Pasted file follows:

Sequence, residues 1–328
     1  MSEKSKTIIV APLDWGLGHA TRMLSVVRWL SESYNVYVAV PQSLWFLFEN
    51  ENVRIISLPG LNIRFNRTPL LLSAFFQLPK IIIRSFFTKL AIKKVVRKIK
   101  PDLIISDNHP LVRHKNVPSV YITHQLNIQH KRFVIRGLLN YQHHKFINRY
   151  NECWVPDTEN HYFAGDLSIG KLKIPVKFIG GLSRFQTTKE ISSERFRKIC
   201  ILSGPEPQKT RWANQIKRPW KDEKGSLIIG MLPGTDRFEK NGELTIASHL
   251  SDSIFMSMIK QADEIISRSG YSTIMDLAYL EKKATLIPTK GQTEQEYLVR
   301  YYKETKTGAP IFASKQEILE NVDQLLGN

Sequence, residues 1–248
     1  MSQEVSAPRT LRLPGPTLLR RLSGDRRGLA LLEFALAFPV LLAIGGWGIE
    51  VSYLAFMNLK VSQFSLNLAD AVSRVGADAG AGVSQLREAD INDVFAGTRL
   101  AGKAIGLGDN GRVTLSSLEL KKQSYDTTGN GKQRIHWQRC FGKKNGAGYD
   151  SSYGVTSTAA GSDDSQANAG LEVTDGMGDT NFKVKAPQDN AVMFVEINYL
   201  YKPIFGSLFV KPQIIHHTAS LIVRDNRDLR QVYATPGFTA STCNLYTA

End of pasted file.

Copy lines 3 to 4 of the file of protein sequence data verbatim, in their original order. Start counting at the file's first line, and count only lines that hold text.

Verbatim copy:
    51  ENVRIISLPG LNIRFNRTPL LLSAFFQLPK IIIRSFFTKL AIKKVVRKIK
   101  PDLIISDNHP LVRHKNVPSV YITHQLNIQH KRFVIRGLLN YQHHKFINRY